To adopt the approach of combining small cells into larger batteries, a challenge must be addressed. Generally, individual cells have variations in capacity and characteristics due to differences in materials and manufacturing. Additionally, as repeated charging and discharging occur, there are individual differences in their ability to withstand environmental stresses from charge and discharge cycles, leading to an increasing individual difference between cells. These individual differences significantly impact the overall lifespan and output characteristics of modules and battery packs composed of many cells. This is because the characteristics of modules and battery packs are determined by the cells with the poorest performance and stress resistance. Generally, the surrounding environmental temperature, voltage, and current during charging and discharging fluctuate (referred to as "stress intensity"). Therefore, cells with lower resistance to stress are more prone to degradation. In particular, if insufficient capacity or power loss occurs due to factors like overcharging, overheating, internal short circuits, it may lead to uncontrollable or inoperable vehicles and even accidents.

In the context of the increasing importance of batteries in our daily lives and the evolving landscape of electric transportation, addressing these challenges becomes crucial to ensure the safety, reliability, and performance of battery-powered systems.

What is the critical system "BMS" for efficient battery utilization?

Against this backdrop, in order to ensure the long-term performance and safe operation of battery systems composed of multiple cells, it is essential to establish a highly precise environment capable of minimizing the degradation of each individual cell. To achieve this goal, a control system tasked with closely monitoring and controlling the actions and states of each cell has been developed, known as the Battery Management System (BMS).

Within the BMS, there is a continuous and high-precision monitoring of the actions and states of each cell. This involves the use of sensors to monitor parameters such as voltage, current, temperature, and leakage. Additionally, control over the charging and discharging processes is maintained to ensure balance, aiming to compensate for slight mismatches and imbalances between cells and modules. This process is designed to improve the lifespan and performance of modules and battery packs, ensuring safety. Through software control within a microcomputer, the BMS compares battery specifications and design criteria with collected data. It executes multiple control tasks, including prevention of overcharging and overdischarging, prevention of hazardous overcurrent during charging and discharging, achieving safe and stable temperature management, calculating State of Charge (SOC), and performing cell voltage equalization (known as battery balancing) to enhance range and lifespan.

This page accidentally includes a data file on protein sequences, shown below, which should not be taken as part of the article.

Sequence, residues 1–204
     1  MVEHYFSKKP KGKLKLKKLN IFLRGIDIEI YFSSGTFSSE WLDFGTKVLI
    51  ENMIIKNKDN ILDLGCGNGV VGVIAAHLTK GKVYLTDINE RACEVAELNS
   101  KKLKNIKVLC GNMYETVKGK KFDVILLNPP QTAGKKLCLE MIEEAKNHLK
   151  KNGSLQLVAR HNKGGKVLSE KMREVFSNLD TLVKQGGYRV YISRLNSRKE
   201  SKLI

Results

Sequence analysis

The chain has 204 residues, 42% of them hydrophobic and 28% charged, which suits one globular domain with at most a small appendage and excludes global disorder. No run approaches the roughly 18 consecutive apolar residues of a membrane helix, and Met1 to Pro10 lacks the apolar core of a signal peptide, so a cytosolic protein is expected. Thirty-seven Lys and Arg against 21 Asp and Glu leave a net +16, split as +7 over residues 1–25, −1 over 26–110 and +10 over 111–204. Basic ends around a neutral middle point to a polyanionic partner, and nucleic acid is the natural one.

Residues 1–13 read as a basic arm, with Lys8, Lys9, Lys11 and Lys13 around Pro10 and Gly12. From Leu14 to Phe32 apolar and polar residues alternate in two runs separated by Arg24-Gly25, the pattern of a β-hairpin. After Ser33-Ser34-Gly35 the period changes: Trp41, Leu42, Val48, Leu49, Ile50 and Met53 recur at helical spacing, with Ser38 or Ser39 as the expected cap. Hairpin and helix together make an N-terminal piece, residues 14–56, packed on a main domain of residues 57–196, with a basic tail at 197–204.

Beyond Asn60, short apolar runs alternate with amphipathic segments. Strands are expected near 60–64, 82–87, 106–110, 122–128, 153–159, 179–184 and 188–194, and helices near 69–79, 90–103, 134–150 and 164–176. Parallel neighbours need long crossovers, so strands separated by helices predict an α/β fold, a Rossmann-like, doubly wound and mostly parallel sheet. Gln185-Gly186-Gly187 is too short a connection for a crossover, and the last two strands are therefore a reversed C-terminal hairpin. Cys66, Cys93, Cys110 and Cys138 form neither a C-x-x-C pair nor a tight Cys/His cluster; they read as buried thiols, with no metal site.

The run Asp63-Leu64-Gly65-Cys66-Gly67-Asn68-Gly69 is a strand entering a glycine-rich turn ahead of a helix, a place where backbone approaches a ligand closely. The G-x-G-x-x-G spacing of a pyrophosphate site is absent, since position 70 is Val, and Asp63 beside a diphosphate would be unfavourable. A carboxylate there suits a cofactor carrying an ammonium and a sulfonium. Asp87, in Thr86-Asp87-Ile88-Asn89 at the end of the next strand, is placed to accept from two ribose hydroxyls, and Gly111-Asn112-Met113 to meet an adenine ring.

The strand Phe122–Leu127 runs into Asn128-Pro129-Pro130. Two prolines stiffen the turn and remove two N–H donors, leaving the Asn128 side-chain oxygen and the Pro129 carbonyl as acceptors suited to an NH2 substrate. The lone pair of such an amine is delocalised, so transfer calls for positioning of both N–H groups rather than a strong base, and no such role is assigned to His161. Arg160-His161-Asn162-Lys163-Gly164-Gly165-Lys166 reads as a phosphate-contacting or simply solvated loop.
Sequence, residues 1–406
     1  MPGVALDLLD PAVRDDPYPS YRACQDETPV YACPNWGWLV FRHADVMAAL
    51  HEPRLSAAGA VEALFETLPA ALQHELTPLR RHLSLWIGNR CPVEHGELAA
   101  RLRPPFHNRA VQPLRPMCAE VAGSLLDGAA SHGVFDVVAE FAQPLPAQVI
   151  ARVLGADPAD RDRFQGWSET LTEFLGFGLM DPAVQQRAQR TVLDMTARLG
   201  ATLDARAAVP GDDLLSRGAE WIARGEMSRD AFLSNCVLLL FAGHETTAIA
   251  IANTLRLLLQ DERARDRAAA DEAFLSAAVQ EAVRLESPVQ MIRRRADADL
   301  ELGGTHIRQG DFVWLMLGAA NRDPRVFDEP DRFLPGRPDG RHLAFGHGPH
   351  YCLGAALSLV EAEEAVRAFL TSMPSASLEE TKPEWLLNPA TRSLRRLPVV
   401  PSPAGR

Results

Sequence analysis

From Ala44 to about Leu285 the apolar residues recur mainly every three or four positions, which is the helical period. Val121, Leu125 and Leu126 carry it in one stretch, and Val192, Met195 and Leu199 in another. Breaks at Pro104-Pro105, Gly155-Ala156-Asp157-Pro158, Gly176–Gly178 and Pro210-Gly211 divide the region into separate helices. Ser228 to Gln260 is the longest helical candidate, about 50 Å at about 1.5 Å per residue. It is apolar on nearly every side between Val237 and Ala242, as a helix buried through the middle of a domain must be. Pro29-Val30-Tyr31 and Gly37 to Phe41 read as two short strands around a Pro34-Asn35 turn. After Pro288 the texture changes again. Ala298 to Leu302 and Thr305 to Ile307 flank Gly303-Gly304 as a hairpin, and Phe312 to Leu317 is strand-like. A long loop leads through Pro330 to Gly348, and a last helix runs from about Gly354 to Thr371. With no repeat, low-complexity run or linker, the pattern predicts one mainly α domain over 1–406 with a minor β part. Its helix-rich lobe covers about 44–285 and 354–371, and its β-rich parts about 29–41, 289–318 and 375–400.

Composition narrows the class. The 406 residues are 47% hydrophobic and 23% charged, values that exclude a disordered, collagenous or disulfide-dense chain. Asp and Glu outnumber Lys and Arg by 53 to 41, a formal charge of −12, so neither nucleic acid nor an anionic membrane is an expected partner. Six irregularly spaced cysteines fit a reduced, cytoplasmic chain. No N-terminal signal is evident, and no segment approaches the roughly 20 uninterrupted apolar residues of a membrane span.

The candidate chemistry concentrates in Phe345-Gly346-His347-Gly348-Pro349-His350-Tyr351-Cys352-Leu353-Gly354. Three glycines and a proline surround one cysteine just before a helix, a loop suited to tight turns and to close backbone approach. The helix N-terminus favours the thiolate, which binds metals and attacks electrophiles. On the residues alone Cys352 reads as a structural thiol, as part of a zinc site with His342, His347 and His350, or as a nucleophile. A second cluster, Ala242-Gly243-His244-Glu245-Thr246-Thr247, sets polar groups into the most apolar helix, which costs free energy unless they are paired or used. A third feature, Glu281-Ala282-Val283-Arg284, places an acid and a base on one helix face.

One of the crucial functions of the BMS is cell balancing technology, which can be approached in two ways. The passive method forces high-voltage cells to discharge by using discharge switches, converting the capacitance difference between cells into heat to achieve voltage equalization. The active method, on the other hand, balances the charging states of adjacent cells by allowing a current to flow between them. The active method is often more effective in maximizing the potential of the battery.

The performance of the BMS relies on the diversity and precision of its built-in control functions. However, to achieve high performance, it is imperative to use sensors and electronic components with high precision in the BMS circuit. Moreover, due to the necessity of monitoring a large number of cells, the BMS circuit itself becomes highly complex, requiring smaller and lighter sensors and components. This complexity and precision in design are essential to ensure that the BMS achieves optimal effectiveness in battery management.